[ubuntu-uk] ubuntu-uk Digest, Vol 68, Issue 16

Mark Harrison Mark at ascentium.co.uk
Thu Dec 9 14:28:09 GMT 2010

> > The FAQ confused me a bit 'coz from ancient memory, the maximum allowable
> charge is something like US$6.

Not at all.

The whole point of the GPL is that, once you've got a copy, you can do
whatever you like with it.

If you want to modify it, you're free to...
If you want to give away a copy, you're free to...
If you want to install it on a 1000 PCs, you're free to...
If you want to sell it for £5,000 a pop (and can find someone willing to pay
that much), you're free to...

... what you have to do, however, is pass on the same freedoms to anyone
else who gets a copy from you. So if you sell for a fiver, the person who
buys from you can make 1000 copies and sell them for £100 each if they want
to (and can find enough people willing to pay £100 a pop).

Putting a restriction on it that no-one can charge more than $6 is a breach
of the GPL, and forbidden! What we have to remember is that Ubuntu is a
"distribution" - it takes lots of software that other people have written,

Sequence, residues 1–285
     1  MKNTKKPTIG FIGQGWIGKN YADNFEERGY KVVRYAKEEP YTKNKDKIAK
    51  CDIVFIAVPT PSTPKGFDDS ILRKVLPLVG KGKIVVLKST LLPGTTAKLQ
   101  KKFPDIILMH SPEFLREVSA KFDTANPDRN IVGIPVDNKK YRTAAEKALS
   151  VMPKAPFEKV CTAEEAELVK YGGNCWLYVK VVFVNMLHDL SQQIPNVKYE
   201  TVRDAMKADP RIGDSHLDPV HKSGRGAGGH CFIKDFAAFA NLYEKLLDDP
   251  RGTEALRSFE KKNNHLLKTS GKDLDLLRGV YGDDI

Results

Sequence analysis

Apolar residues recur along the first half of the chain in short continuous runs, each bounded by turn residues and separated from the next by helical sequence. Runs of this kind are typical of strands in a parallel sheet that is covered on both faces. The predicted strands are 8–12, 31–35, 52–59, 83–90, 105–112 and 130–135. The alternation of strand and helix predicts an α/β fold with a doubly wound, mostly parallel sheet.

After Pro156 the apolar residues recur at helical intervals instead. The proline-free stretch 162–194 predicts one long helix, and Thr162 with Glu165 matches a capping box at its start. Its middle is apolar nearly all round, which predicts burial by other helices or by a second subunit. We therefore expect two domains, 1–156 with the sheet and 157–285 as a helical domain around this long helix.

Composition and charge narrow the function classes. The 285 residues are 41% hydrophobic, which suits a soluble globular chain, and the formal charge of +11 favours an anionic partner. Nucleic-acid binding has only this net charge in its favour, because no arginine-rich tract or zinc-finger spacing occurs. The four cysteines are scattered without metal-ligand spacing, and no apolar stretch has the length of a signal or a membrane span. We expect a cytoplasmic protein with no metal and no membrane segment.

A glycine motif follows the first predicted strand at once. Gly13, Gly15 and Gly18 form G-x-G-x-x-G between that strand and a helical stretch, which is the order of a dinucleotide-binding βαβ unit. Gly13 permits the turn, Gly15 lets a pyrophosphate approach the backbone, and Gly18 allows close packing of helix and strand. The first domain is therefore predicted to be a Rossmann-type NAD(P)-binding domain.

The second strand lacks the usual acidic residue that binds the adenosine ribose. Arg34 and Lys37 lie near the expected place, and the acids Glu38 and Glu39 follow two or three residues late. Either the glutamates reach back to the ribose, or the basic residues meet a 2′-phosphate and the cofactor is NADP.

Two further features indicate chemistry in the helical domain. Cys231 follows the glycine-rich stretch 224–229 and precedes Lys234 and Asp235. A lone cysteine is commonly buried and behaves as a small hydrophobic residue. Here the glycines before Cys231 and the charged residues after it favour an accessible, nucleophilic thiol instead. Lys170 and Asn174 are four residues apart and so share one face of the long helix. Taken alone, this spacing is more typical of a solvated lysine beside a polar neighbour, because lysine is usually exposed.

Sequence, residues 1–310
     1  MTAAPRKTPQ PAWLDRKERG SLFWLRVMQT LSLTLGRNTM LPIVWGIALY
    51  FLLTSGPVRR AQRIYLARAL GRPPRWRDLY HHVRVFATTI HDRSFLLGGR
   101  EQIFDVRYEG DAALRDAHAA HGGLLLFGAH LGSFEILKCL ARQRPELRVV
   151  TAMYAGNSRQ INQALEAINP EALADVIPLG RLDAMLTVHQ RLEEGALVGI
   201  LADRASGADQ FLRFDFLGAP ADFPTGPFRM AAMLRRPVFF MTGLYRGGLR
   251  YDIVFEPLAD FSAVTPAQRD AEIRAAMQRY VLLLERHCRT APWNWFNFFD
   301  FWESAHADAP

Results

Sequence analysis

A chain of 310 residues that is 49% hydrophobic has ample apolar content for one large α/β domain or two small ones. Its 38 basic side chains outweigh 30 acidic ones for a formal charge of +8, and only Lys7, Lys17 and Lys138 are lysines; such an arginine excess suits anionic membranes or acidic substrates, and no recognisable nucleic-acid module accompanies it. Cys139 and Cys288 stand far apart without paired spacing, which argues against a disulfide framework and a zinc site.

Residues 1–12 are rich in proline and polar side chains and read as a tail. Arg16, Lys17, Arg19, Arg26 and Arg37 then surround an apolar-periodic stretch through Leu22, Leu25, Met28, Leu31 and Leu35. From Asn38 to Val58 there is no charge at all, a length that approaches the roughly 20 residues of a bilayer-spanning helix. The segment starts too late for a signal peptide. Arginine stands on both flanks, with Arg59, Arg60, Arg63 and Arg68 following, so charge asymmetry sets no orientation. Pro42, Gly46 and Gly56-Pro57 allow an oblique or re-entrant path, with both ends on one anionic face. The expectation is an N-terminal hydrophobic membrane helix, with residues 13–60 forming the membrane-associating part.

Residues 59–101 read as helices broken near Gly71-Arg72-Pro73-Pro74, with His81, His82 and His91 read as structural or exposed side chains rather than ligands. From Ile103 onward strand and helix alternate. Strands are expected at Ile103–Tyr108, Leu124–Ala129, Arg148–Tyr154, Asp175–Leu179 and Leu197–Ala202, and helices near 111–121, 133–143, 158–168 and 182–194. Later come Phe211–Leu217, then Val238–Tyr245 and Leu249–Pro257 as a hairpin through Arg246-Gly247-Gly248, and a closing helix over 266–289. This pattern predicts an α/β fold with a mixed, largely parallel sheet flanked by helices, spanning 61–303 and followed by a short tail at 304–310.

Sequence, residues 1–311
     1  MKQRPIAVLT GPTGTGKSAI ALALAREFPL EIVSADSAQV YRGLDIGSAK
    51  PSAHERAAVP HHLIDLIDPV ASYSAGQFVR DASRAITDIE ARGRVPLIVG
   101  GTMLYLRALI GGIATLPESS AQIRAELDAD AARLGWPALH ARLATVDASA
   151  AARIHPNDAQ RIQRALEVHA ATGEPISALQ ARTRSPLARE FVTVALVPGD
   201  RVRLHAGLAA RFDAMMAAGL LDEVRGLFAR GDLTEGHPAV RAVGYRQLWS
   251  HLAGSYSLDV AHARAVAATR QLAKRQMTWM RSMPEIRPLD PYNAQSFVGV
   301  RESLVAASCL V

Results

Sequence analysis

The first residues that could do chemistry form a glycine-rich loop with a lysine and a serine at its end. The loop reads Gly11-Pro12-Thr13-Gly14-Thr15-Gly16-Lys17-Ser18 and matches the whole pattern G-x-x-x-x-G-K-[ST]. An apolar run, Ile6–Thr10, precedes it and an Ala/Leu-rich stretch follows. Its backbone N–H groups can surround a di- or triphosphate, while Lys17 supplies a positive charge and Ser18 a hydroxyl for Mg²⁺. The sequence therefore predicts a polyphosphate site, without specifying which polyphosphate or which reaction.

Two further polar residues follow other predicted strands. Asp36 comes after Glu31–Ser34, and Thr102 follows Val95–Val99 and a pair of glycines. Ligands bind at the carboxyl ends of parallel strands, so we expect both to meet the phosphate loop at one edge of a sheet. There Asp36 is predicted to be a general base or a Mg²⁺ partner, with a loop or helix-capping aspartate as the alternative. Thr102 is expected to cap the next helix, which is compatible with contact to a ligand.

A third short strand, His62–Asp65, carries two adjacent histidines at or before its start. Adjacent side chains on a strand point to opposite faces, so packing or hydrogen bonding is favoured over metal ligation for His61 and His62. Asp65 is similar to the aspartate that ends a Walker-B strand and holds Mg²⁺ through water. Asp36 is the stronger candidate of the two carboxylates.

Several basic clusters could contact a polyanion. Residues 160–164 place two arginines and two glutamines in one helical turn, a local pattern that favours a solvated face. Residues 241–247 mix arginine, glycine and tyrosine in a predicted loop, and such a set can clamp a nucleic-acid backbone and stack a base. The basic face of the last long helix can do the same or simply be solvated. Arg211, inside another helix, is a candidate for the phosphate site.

and released under the GPL... and puts it all together in a way that ensures
all the bits work together, and it's straightforward to install.

The problem comes because, in English, the word FREE means both this and "at
zero charge."

In most languages, two different words are used for the two different
concepts. In French, for example, "libre" talks about freedom, and "gratuit"
means that there is no charge...

Alas, the Free Software Foundation throw around terms like "unethical" a
lot. It's not clear to me that they have a particularly strong ethical case
compared to, say, Bill Gates, whose company charges a lot of money for
software but who personally donates billions to education and healthcare,
and whose foundation is now widely regarded in the medical community as the
most likely source of a cure for many types of cancer... This is why a lot
of people in the Linux community find that going around talking about
"ethics" is a very difficult set of conversations... while talking about
reliability, cost-effectiveness, and supportability are all places where
Linux in general, and Ubuntu in particular are winning a lot of ground!
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